curing ‘viral’

This ‘viral’ parody from Mini effectively demonstrates the brand’s irreverent personality.

However, its mockery of ‘viral’ pleases me even more.

Because ‘viral’ and ‘word-of-mouth’ are not channels; they’re results.

Unless we do something subversive, we can’t force people to behave as we want.

We can’t force people to buy the products we advertise (unless we use hypnosis); we can only hope to persuade them.

Similarly, we can’t force people to share our communications (unless we harness computer viruses).

Instead, we need to focus on creating communications that are so relevant to our audiences (by being interesting or entertaining) that they will choose to share them.

So, don’t tell me we’re going to “do a viral”.

Rather, explain to me how we’re going to inspire people to share our communications.

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8 Responses to “curing ‘viral’”


  1. 1 Ulrik March 31, 2009 at 21:55

    utterly brilliant!

  2. 2 phil April 1, 2009 at 23:03

    totally agree – and yet we still try to measure the “GRP equivalent” of “word of mouth”… and how it effectively “increases” the “reach” and “ots” of a certain campaign. there has got to be a better way, eskimon.

  3. 3 Rashmi June 19, 2009 at 15:55

    I am of little different opinion about that….Viral can act as a channel depending on the objective of the campaign…my personal experience is of a chewing gum campaign which was initiated through a viral and then it was directing the audience to a landing page to take up a contest. It was successful in terms of getting audience attention (young working executives) which otherwise is tuf to get in today’s fragmented media………

  4. 4 eskimon June 19, 2009 at 16:11

    Thanks Rashmi! I fully support your comments on the power of word of mouth; but word of mouth happens for a reason – it doesn’t just occur spontaneously out of nowhere.

    How did you come to know about the campaign you mention? And did you choose to share it with other people?

    Was it because it was funny? Did it feature an amazing act? Was it highly informative content?

    There are many reasons people choose to share things – but all of them relate to a benefit within the communication itself. It’s what I call the ‘communications proposition’ (more here: http://eskimon.wordpress.com/2009/03/03/the-communications-proposition/).

    So… Instead of telling me we’ll ‘do a viral’, tell me what benefit the audience are seeking; then we can focus on identifying the kind of content that can deliver that benefit, and make it easier for our audience to share the message with others.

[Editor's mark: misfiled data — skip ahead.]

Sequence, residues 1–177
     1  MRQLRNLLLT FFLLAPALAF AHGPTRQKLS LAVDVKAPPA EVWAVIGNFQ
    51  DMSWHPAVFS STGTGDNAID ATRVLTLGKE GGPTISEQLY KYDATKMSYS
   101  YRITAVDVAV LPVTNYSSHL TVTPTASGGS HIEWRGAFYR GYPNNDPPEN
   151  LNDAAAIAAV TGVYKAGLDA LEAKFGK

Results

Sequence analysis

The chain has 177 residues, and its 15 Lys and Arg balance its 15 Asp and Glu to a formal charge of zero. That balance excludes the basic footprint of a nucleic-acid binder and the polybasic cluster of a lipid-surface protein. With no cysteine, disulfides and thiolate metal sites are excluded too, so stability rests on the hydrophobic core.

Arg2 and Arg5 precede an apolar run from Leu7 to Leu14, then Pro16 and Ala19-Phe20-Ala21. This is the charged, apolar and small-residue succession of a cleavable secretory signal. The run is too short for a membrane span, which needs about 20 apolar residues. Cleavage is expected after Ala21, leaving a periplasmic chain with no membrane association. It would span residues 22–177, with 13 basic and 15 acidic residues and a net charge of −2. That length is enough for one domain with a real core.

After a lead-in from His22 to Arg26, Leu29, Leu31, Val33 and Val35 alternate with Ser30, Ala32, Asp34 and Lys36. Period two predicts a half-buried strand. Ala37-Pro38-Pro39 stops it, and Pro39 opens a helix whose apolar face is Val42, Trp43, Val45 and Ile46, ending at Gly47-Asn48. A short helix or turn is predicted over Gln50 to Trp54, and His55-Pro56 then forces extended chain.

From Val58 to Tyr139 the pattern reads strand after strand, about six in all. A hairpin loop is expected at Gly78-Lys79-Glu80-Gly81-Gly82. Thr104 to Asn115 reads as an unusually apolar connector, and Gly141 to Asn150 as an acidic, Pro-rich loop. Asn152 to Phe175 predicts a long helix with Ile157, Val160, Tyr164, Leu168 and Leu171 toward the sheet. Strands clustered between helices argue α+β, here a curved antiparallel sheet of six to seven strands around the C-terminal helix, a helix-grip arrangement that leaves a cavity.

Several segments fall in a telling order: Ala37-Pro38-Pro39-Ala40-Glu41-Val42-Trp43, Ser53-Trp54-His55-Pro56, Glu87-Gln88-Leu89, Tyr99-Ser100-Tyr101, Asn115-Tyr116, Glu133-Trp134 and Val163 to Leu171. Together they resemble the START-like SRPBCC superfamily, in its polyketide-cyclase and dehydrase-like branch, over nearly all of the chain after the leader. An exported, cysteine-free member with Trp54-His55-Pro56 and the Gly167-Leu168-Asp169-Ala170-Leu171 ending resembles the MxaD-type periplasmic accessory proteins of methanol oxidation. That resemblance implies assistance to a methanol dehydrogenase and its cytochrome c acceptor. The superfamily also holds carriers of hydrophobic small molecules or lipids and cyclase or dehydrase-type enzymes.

5. 5 Rashmi June 19, 2009 at 16:42

    Yes…the viral was funny..it was a spoof on one of the biggest bollywood block busters. It wasnt really informative …how much information can be put for a chewing product (it could have been boring). the main objective was brand awareness & engagement.

    And regarding the benefits. Again the benefits could be of various kinds –here the audience were getting EMOTIONAL benefits!!!

  6. 6 Mike Davison June 19, 2009 at 19:41

    Although I’d agree WOM is an outcome, it’s also fair to say certain initiatives can be built around inspiring sustained conversation, rather than traffic, clickthroughs, voucher redemption etc. At this point most channels are flirting with WOM as an objective but it often sits at odds with the other metrics / aims. Driving traffic and creating conversation can work against each other for example.

    There’s a need for clearer definitions of what we all mean by WOM and what kind of conversations each channel can support. This helps better define who does what with the channel mix. “Buzz” and transient sparks of interest are not the same as sustained / evolving 1 to 1 dialogue. Both require separate channel focus and expertise to propagate and both are necessary. One is a breadth metric, the other a depth metric (loosely speaking). I’d argue that the depth part requires seeing conversation at the epicentre and that requires a new kind of channel mentality – and (dare we say it) a new kind of channel…

    It’s an interesting debate…

  7. 7 eskimon June 19, 2009 at 21:20

    Great stuff Mike – thanks for sharing.

    Your distinction between conversations and “transient sparks of interest” is hugely important.

    Conversations make it easier for us to evaluate whether we’re establishing a shared understanding – in other words, whether we’re communicating successfully.

    Thinking beyond the conventions of traditional ‘media’ and the approach they have engendered is a critical step towards creating communications that share rather than shout.

    Your comments about definitions are spot on too. People seem to throw terms like ‘WOM’ and ‘viral’ into pitches whenever they can, but all too often the content they’re referring to is just a TVC on YouTube.

    It feels ‘viral’ has become synonymous with reducing media budgets, rather than finding ways to inspire meaningful conversations between audience members.

    Traditional TVCs on YouTube may still have value, but they’re certainly not the only option. Perhaps, if we spent more time thinking about what we really hope people will do, and about the perspectives that we need to share with people in order for that behaviour to occur, we’d find better ways to initiate those conversations.


  1. 1 propagandata « eskimon Trackback on July 20, 2009 at 17:14

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